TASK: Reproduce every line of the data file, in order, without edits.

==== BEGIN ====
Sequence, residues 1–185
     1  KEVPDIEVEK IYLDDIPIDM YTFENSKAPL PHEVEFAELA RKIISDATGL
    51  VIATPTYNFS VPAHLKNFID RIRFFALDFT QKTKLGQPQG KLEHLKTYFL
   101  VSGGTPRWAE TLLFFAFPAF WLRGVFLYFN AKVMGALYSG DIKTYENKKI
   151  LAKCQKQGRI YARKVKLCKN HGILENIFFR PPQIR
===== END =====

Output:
Sequence, residues 1–185
     1  KEVPDIEVEK IYLDDIPIDM YTFENSKAPL PHEVEFAELA RKIISDATGL
    51  VIATPTYNFS VPAHLKNFID RIRFFALDFT QKTKLGQPQG KLEHLKTYFL
   101  VSGGTPRWAE TLLFFAFPAF WLRGVFLYFN AKVMGALYSG DIKTYENKKI
   151  LAKCQKQGRI YARKVKLCKN HGILENIFFR PPQIR